Job openings and the Help-Wanted Index
December 28, 2004
The job openings rate and the Help-Wanted Index have trends that are roughly similar.
However, the decrease from December 2000 to November 2001 was much sharper for the Help-Wanted Index, which experienced a drop of 42 percent, compared with a drop of 30 percent in the job openings rate.
The difference in scope and definition between the Help-Wanted Index and the job openings rate may account for some of this difference. A change in the way employers advertise open positions may also help to explain; for example, if a large number of employers stopped posting advertisements in the newspaper in favor of advertising on one of the many Internet sites, the decline in the Help-Wanted Index would not represent an economic movement. In addition, Job Openings and Labor Turnover Survey (JOLTS) estimates from December 2000 through 2001 had larger measures of error than the 2002 and later estimates.
The job openings data come from the Job Openings and Labor Turnover Survey and the unemployment rate comes from the Current Population Survey. The "Help-Wanted Index" referenced above is the Conference Board's Help-Wanted Advertising Index, which is a measure of the volume of help-wanted advertising in major newspapers across the country. For additional information, see "The Job Openings and Labor Turnover Survey: what initial data show," by Kelly A. Clark, Monthly Labor Review, November 2004.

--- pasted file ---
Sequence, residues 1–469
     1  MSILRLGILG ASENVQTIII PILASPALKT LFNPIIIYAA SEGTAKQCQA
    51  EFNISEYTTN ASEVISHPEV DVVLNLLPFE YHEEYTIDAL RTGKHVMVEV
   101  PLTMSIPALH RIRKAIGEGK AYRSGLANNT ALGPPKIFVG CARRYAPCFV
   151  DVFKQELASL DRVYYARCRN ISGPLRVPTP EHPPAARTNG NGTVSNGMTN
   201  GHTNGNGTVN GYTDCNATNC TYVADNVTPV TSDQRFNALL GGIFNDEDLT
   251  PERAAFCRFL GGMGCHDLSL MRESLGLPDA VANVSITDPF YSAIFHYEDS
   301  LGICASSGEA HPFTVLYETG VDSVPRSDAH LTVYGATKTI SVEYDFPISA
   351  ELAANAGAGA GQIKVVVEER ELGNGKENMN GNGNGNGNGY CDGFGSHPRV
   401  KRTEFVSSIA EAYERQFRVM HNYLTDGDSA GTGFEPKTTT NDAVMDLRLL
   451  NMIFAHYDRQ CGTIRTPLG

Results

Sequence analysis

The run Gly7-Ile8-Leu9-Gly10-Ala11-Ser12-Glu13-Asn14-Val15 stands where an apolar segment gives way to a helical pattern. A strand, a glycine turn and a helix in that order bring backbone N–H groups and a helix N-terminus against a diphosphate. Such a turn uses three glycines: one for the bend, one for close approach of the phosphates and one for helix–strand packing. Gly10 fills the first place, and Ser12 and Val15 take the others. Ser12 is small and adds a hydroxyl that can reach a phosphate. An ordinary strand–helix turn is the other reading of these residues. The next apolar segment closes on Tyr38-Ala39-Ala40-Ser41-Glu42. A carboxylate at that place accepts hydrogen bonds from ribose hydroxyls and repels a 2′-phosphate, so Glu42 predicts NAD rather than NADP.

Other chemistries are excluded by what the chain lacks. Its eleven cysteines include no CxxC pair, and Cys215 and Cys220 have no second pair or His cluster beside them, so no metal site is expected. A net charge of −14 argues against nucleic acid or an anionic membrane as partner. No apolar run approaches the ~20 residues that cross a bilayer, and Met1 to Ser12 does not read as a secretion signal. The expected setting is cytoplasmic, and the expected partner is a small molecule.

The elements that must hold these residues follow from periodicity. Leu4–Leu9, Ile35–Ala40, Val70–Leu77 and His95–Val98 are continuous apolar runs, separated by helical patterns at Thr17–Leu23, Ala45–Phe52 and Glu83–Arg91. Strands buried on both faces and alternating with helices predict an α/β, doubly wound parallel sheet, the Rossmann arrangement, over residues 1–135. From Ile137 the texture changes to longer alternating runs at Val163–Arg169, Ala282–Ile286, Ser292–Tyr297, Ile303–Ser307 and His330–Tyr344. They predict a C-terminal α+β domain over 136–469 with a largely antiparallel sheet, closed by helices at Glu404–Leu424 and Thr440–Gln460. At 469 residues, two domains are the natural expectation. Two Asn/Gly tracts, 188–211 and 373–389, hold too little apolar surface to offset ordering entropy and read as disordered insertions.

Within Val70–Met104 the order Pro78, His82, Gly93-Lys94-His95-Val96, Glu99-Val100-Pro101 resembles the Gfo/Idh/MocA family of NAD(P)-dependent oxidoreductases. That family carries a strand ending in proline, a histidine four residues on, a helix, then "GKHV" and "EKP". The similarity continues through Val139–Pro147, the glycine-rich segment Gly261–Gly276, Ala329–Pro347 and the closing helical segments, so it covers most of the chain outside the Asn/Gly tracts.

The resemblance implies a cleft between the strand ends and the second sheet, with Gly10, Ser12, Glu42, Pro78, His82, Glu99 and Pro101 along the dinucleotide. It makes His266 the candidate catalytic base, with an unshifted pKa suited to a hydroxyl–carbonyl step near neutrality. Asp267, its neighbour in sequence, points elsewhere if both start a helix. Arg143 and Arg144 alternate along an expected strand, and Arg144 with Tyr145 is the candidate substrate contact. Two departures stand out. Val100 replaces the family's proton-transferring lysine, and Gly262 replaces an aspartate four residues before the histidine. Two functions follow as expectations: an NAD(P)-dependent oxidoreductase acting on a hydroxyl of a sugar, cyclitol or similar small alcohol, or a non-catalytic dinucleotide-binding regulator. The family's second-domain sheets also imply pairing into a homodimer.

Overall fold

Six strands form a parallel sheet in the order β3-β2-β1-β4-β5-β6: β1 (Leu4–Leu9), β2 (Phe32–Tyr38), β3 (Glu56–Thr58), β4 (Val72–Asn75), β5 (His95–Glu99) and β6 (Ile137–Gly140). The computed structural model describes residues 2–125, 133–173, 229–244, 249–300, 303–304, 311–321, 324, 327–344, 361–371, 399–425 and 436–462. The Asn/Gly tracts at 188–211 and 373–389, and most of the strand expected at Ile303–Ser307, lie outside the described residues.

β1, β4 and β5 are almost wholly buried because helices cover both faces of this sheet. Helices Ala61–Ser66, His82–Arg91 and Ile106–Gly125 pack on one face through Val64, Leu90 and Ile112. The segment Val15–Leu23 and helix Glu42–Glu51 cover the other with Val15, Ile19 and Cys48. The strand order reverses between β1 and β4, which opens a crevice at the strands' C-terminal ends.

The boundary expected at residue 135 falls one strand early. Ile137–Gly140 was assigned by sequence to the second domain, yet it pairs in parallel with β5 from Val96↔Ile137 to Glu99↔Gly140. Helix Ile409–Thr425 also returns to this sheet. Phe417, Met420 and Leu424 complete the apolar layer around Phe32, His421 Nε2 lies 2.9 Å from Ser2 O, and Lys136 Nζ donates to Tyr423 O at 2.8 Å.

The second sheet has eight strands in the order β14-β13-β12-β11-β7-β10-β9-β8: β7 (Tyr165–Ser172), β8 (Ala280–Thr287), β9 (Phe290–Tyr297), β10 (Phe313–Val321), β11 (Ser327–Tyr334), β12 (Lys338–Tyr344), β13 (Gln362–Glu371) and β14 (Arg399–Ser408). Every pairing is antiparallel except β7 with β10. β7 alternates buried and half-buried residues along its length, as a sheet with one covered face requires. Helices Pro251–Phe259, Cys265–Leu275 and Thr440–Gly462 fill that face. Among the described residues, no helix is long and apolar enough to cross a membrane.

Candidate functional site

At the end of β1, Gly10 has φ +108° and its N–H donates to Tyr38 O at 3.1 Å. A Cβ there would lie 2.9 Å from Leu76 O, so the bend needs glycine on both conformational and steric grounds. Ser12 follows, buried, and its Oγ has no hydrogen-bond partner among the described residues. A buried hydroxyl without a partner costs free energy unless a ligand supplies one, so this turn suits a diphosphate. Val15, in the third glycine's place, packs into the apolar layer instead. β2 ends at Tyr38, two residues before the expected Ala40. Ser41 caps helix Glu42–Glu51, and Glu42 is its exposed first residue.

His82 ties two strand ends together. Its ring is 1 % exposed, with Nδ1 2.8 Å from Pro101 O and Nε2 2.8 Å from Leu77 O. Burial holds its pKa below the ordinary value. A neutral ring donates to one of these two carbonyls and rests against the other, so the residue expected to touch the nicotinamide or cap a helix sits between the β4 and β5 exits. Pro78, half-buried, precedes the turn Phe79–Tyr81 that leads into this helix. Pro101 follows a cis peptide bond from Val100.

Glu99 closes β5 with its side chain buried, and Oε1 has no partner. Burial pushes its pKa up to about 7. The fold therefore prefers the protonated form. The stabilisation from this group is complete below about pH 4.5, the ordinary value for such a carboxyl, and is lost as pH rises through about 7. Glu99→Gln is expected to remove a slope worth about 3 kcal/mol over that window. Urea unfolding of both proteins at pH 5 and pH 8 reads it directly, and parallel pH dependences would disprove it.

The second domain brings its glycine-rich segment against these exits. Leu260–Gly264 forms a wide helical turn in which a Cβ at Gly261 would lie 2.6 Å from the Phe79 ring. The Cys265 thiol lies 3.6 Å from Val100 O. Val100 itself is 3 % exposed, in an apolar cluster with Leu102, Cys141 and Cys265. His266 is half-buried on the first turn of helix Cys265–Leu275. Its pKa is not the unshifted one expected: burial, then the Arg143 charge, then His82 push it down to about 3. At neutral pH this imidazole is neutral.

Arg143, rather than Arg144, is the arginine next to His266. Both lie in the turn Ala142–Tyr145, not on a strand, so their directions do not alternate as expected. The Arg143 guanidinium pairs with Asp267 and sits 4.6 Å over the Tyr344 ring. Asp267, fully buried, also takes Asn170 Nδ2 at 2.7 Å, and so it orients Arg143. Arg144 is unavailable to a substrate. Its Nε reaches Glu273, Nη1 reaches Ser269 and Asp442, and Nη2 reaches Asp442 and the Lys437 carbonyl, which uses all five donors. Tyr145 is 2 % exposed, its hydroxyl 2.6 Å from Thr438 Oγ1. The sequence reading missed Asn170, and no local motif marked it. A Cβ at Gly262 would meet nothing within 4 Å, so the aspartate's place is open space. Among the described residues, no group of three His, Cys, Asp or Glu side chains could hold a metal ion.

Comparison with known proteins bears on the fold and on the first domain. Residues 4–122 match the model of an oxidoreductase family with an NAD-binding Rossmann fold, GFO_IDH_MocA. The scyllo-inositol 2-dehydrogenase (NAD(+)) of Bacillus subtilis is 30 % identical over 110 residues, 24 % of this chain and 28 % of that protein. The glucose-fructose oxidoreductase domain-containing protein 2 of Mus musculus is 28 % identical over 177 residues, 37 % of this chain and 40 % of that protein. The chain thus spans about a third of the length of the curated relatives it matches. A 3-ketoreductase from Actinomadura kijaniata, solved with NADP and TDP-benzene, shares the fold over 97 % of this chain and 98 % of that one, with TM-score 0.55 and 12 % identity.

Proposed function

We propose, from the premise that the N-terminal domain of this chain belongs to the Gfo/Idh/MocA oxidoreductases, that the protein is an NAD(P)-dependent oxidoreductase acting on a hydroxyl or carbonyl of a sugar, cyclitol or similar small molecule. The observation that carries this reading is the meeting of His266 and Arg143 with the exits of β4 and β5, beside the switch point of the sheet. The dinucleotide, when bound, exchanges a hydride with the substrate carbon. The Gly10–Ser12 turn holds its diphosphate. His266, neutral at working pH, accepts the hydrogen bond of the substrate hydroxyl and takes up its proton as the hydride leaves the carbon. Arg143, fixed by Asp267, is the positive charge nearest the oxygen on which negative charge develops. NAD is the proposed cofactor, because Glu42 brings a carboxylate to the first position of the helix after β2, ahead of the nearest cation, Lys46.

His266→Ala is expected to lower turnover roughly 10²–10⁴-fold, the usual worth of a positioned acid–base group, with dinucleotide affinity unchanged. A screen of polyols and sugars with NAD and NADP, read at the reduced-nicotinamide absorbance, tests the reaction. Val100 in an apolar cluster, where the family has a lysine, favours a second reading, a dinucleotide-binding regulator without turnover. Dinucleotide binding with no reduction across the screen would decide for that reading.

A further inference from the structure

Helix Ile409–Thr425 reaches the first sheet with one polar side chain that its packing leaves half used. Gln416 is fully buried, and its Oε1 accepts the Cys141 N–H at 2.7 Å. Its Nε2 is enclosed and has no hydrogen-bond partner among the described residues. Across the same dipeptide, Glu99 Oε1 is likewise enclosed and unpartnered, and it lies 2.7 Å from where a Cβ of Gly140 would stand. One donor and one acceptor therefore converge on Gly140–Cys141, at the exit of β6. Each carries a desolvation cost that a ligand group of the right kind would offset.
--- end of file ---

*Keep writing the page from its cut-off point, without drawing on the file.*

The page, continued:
Bureau of Labor Statistics, U.S. Department of Labor, The Economics Daily, Job openings and the Help-Wanted Index on the Internet at https://www.bls.gov/opub/ted/2004/dec/wk4/art02.htm (visited October 13, 2019).
Recent editions of Spotlight on Statistics
- 25 years of Worker Injury, Illness, and Fatality Case Data
Examines detailed historical data on work-related injuries, illnesses, and fatal injuries.
- Occupational employment projections through the perspective of education and training
Examines employment, projected employment growth, and wages for occupations with different education and training requirements.
- Workers in Alternative Employment Arrangements
A look at independent contractors, on-call workers, temporary help agency workers, and workers provided by contract firms.
- Labor force characteristics of people with a disability
Examines the labor force characteristics of people with a disability and compares them with the characteristics of people with no disability.